Visual management and its benefits of Active EMS

We are delighted to present a new series that we have titled; “From the operations office. By this we mean our newest team member, COO Roger Gaskell, (Six Sigma Lean Practitioner), has put pen to paper to document common challenges faced by electronics manufacturing service providers ( EMS), and the solutions that experience has taught him. Roger hopes that by sharing the knowledge gained through extensive practice in the electronics industry, others can avoid the pain points he learned.

“Visual management is one of those essential parts of our work and personal life that many of us accept without question and may not even have noticed. But once you understand what is meant by visual management – ​​and what it includes – you will see it everywhere”!

So what is visual management?

Visual management is a means of visually communicating expectations, performance, standards, or warnings in a way that requires little or no prior training to interpret. You may have heard the term in the context of the workplace, particularly factories, but it’s actually used in all sorts of everyday scenarios. You’ve probably used dozens of visual management tools today without thinking twice.

There are six categories of visual management that increase control over standards, performance and quality. It starts with simply communicating the facts and ends with the use of visual checks to prevent errors from occurring. The categories are:

  1. To share information
  2. Share standards
  3. Integrate standards
  4. Warn about anomalies
  5. To stop anomalies once they occur
  6. To completely avoid anomalies

Let’s examine them in more detail.

To share information

The first category of visual management is to share information. It’s something you’ll see regularly in workplaces and a common example is a simple notice board.

Examples of visual management you’ll find on the bulletin board include charts showing monthly performance summaries, customer survey results, key team accomplishments, and perhaps a list of team suggestions. ‘team.

Or in this case, a simple wall showing training, ESD log, first responders, firefighters, etc.

Another example, which you can also use at home, is color coding. The most common system is the traffic light system where red is a warning, yellow means be aware, and green means fine (traffic lights being a great example). The bottom line here is that everyone should understand what information colors convey, without having to ask.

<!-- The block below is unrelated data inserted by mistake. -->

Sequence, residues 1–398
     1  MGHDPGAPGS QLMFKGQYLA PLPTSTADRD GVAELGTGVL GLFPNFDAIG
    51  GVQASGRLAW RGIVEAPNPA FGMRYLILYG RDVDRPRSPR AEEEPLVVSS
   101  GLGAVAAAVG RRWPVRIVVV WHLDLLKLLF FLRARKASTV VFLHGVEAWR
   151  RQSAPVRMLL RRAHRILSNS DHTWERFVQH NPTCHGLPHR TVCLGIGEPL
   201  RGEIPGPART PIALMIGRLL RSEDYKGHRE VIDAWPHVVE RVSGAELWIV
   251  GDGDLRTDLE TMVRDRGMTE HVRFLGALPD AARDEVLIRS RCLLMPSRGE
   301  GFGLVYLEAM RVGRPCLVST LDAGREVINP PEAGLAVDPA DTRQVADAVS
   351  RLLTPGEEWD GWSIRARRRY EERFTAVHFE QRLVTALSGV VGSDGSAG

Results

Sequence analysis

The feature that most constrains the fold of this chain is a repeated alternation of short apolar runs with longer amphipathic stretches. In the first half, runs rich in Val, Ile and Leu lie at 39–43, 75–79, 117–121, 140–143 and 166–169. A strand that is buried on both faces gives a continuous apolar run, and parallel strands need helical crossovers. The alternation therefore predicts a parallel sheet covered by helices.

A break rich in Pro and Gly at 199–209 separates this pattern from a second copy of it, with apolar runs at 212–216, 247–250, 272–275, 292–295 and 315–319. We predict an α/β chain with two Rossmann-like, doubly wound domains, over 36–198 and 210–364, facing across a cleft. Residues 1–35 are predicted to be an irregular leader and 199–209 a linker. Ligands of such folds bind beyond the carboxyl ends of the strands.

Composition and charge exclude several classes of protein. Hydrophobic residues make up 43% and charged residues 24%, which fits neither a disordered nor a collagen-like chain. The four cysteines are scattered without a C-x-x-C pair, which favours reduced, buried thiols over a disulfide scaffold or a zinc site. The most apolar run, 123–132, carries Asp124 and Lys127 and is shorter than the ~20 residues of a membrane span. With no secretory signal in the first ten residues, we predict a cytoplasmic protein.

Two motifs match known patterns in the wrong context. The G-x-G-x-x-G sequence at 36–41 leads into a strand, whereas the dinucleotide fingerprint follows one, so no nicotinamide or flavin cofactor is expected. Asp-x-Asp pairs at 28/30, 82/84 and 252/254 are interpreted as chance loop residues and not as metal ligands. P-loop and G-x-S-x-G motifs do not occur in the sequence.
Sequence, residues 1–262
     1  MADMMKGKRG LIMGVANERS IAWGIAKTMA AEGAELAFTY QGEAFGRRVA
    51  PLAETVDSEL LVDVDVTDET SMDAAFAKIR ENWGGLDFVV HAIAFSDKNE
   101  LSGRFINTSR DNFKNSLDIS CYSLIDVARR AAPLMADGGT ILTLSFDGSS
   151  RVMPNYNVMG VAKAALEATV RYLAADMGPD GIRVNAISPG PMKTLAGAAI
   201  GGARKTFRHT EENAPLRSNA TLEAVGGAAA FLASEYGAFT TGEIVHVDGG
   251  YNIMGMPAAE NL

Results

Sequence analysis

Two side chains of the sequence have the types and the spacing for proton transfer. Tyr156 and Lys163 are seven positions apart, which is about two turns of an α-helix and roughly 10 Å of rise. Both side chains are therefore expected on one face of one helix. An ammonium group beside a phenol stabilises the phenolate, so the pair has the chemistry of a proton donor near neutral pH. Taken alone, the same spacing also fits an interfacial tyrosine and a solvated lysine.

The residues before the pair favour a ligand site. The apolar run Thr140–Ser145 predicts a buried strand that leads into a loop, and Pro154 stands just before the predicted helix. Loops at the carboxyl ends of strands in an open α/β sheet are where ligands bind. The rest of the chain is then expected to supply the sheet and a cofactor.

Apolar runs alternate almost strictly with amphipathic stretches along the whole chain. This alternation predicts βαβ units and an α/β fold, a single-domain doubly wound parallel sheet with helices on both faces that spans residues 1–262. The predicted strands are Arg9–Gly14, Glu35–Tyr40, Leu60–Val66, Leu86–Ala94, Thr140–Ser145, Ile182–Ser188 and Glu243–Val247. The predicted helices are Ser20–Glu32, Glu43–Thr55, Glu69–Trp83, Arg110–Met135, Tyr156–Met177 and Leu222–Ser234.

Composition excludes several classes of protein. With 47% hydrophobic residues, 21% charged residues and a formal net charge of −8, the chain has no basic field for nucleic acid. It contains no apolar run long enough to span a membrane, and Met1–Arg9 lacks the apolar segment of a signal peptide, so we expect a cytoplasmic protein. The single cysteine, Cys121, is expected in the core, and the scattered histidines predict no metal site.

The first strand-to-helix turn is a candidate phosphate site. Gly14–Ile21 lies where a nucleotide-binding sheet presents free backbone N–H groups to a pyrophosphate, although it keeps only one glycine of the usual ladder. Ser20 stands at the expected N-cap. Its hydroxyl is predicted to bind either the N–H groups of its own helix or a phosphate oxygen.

All SMT processes are linked to our internal “Andon” Light system which gives a clear indication of the status of the assembly lines.

Definitions should be clear. If you have to ask, it’s not visual management, it’s just decoration.

Share standards

Next comes the sharing of standards. The idea here is to communicate information, in the same way as above, but where something is done on a regular basis and must meet a certain standard.

Integrate standards


The next logical step in sharing standards is to make it difficult to deviate from those standards. We do this in visual management by integrating standards. Examples at work might include templates you could use to create Microsoft Word or PowerPoint documents.

Another common example is a visual scheduling tool, also known as a Heijunka box, which visually indicates what tasks or tasks need to be completed, when, by whom, and in what order. The advantage being that there is no confusion as to priorities and that everyone can do what they want.

The example on the right shows a clear indication (boxes highlighted in yellow) of where through-hole components should be installed.

Warn about anomalies


Visual management can be used when an error, anomaly, or problem has occurred to provide a warning and prevent the problem from continuing.

These can be manual visual aids or, in this example, a PowerPoint presentation alerting the assembly operator/inspector to look for a problem encountered in previous batches. This is part of the assembly instruction and is animated to constantly alert the operator to the problem. Very difficult to say that “I was not aware!

This element of visual management often goes hand in hand with other anti-error measures.

To completely avoid anomalies


The last category of visual management can also be considered as a step to avoid errors. And some of them are so simple you’ll be surprised you never thought of them. This step is intended to prevent a problem from occurring, rather than simply providing information or a warning that a person should act on.

A good example is an airplane lavatory: the light in the cabin does not come on until the door has been locked, requiring users to lock the door and preventing other passengers from opening the door. door while she is busy. All while preventing a light from turning on.

And finally, bringing it all together, the Active EMS workstation showing a bespoke tool station map and display of assembly instructions.

About Active EMS

A dedicated Electronics Manufacturing Services (EMS) company offering tailored solutions to customers with individual needs.

Strategically located in Manchester, renowned for its industrial prowess, we are an integrated manufacturing provider that enables partners to grow by offering in-house prototyping, design for manufacturing (DFM), fabrication, logistics capabilities, resources and our own human strength.

We work across all industry segments, from automotive to medical to infrastructure and beyond. Active EMS provides every market with a robust supply chain solution, from wearables to massive electro-mechanical products.

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